The Federal government decided that in Hawai‘i the alien population would be controlled by the War Department. Since there were over 41,000 Japanese aliens, and over 115,000 Japanese citizens in the state of Hawai‘i, the War Department concluded it was impossible to place one tenth of the population of Hawai‘i in concentration camps. A December 4, 1941 memo from Special Agent R.L. Shivers to the Director of the FBI stated that there were 338 Japanese aliens and nine Japanese American citizens in Hawai‘i to be seized immediately. Of those, 82 were from the island of Hawai‘i. More were picked up, however, as the war went on and fear of sabotage continued. Against the desires of President Roosevelt, Assistant Secretary of War Mr. Bundy informed the FBI on December 22, 1941 that they were not going to relocate and intern all of the Japanese in the islands. Roosevelt was particularly concerned about the Japanese living on O‘ahu and Hawai‘i island, and suggested they at least be removed to one of the other islands in the Territory. But the War Department decided they would be selective in who they detained. Thus, they focused on businessmen, consular agents, Japanese language school teachers and principals, Buddhist and Shinto priests, and those who had Japanese military service, or who were deemed to have “extreme nationalistic sentiments” and were therefore considered a danger to American security.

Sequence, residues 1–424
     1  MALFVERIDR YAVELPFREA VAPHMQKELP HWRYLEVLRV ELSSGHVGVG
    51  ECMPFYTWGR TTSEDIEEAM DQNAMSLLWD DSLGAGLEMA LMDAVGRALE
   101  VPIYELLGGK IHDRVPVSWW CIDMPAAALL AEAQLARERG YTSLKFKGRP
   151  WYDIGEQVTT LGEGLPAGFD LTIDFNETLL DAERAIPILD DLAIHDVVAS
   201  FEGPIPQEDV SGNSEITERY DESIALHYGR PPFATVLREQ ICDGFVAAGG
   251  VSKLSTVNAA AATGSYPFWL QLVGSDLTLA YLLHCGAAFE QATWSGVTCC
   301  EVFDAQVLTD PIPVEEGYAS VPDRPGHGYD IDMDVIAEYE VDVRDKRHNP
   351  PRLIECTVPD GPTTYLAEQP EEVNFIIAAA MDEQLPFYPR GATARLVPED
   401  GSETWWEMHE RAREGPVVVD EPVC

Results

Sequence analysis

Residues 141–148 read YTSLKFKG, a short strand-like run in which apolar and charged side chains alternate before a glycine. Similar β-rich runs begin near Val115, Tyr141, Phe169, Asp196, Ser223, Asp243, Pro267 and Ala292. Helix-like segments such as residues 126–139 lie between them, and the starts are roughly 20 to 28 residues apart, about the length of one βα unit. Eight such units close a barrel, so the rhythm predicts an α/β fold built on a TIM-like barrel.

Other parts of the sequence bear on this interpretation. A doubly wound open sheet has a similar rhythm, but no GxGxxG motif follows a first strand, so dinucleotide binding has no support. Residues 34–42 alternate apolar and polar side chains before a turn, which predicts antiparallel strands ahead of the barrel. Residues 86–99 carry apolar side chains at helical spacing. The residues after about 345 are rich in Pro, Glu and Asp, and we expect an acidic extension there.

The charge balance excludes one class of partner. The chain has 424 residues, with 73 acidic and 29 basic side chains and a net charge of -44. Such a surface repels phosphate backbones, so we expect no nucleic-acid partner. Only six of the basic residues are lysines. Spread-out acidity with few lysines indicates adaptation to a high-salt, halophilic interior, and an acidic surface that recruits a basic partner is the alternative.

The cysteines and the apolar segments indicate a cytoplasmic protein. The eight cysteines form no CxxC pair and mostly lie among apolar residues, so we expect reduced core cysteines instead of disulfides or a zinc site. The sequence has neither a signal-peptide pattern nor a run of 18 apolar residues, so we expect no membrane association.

On the day Pearl Harbor was attacked, the War Department ordered that everyone on the CDL be arrested. The FBI and Army Intelligence immediately began to pick up those who had been identified. Altogether, two-thousand Japanese, Germans, and Italians were detained or interned at seventeen locations throughout the islands.


“They were asked to empty their pockets and ...checked. After examination, the eight ... were taken.... The men spoke little and anxiety for the future fate showed in their faces.”

— Yoshio “George” Hoshida, Detainee at Kīlauea Military Camp
“Taken From Paradise Isle”, 2015


Many Hawai‘i Island detainees were taken to KMC, which was transformed overnight from an R&R facility to a prison. The first detainees arrived at KMC in the afternoon of December 7, 1941. While at KMC, detainees were confined to their barracks and were marched to the adjacent mess hall for meals. At approximately ten o’clock every day, for one hour, the detainees were allowed outside for exercise. While at KMC, they were surrounded by guards on foot, and on top of a guard tower. New detainees were brought in continuously. The FBI would come up to question those who were detained, and many were driven down to the federal building in Hilo for their board hearing.

The detainees did not stay at KMC long, because under international law interned aliens could not be held in a combat zone and had to be taken to where hostilities were unlikely. The first group of 106 detainees transferred from KMC to O‘ahu on February 20, 1942. The last group of 25 was transferred on May 7, 1942.

Black and white photo of an old building and water tank
Kilauea Military Camp building #35, where detainees spent most of their day (Image courtesy of Kilauea Military Camp)

Last updated: June 23, 2022